b) means for determining, for a cell phone in the list of step a), when the cell phone has performed a handoff process due to moving from one cell in the wireless network to another cell in the wireless network;
c) means for determining, for a cell phone in the list of part a), the time of a handoff process following the handoff process of step b);
d) means for, for a cell phone in the list that performed the handoff processes of steps b) and c), virtually positioning the cell phone onto each of all road sections that the cell phone could have been located on between points at which the handoff processes of steps b) and c) could have occurred;
e) means for, for a cell phone in the list that performed the handoff processes of steps b) and c), determining the distances between all points where the handoffs of steps b) and c) could have occurred along the road sections of step d);
f) means for, for a cell phone in the list that performed the handoff processes of steps b) and c), obtaining from a speed limits database the maximum speed limit for the road sections of steps d);
g) means for obtaining a number representing the minimum length of time in which the moving vehicle corresponding to a cell phone of step f) could travel the distance between two handoff points of step e) in compliance with said maximum speed limits, wherein the number is obtained from a real-time calculation of the minimum ratio of the distances of step e) to the maximum speed limits of step f), or from a database containing the pre-calculated result of said calculation;
h) means for comparing the actual time between handoffs in steps b) and c) with the minimum length of time of step g) to determine if the moving vehicle is traveling at a speed above a corresponding maximum speed limit;
i) means for identifying cell phones that are grouped together in a single moving vehicle and eliminating those cell phones from the list;
j) means for, for a vehicle corresponding to a cell phone in the list and traveling at a speed above a corresponding maximum speed limit, generating a speeding violation ticket; and
k) means for maintaining a database of speeding violations for a vehicle of step j) that is registered, determining if a certain speeding ticket has not been paid in time, and sending a request to settle the ticket.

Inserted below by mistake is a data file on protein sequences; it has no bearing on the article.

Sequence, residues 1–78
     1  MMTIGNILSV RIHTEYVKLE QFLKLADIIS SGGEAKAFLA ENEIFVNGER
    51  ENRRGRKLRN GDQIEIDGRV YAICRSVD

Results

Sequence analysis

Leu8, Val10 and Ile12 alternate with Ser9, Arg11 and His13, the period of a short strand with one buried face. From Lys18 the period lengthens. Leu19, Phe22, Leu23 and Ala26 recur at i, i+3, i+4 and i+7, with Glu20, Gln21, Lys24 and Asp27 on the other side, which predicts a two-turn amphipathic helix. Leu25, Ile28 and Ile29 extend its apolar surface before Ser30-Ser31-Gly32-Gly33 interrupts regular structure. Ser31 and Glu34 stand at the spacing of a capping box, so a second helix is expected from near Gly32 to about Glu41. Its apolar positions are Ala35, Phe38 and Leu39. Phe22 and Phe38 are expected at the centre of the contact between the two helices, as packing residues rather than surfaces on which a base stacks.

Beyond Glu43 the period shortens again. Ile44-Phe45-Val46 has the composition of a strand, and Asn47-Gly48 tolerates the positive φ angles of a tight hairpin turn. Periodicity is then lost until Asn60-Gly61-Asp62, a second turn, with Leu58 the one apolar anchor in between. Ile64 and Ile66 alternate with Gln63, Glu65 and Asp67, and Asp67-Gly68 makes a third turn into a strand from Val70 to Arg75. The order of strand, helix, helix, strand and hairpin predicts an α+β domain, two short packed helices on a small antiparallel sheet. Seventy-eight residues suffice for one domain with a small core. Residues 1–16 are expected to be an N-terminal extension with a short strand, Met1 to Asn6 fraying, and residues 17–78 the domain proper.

7. A system according to claim 6, further comprising means for wirelessly transmitting vehicle speed data.
8. A system according to claim 6, further comprising means for recording corresponding cell phone number, license plate number, formal vehicle registration number, or vehicle identification number of a vehicle containing a cell phone and traveling at a speed above a corresponding maximum speed limit, and keeping such a record for a period of time.
9. A system according to claim 1, further comprising means for sending the speeding violation ticket to the registered owner of the corresponding vehicle, and keeping a record of sending the speeding ticket for a period of time.
10. A system according to claim 1, further comprising means for checking if a driver of a car that committed a speeding violation was also speaking on a phone in the same time period in which the driver committed a speeding violation, and generating a driving-while-speaking traffic violation ticket for the driver.
11. A method for detecting the speed of a moving vehicle through measurements of cellular phone location data obtained through wireless handoff optimization measurements at specific time intervals, and determining if the vehicle's speed is above a maximum speed limit for any particular section of a road, comprising:
a) generating a list of cell phones located at each cell of a wireless network;
b) determining, for a cell phone in the list of step a), when the cell phone has performed a handoff process due to moving from one cell in the wireless network to another cell in the wireless network;
c) determining, for a cell phone in the list of step a), the time of a handoff process following the handoff process of step b);
d) for a cell phone in the list that performed the handoff processes of steps b) ands c), virtually positioning the cell phone onto each of all road sections that the cell phone could have been located on between points at which the handoff processes of steps b) and c) could have occurred;
e) for a cell phone in the list that performed the handoff processes of steps b) ands c), determining the distances between all points where the handoffs of steps b) and c) could have occurred along the road sections of step d);
f) for a cell phone in the list that performed the handoff processes of steps b) and c), obtaining from a speed limits database the maximum speed limit for the road sections of step d);
g) obtaining a number representing the minimum length of time in which the moving vehicle corresponding to a cell phone of step f) could travel the distance between two handoff points of step e) in compliance with said maximum speed limits, wherein the number is obtained from a real-time calculation of the minimum ratio of the distances of step e) to the maximum speed limits of step f), or from a database containing the pre-calculated result of said calculation;
h) comparing the actual time between handoffs in steps b) and c) with the minimum length of time of step g) to determine if the moving vehicle is traveling at a speed above a corresponding maximum speed limit;
i) identifying cell phones that are grouped together in a single moving vehicle and eliminating those cell phones from the list;
j) for a vehicle corresponding to a cell phone in the list and traveling at a speed above a corresponding maximum speed limit, adding a corresponding cell phone number, license plate number, formal vehicle registration number, or vehicle identification number of the vehicle to a list representing speeding vehicles; and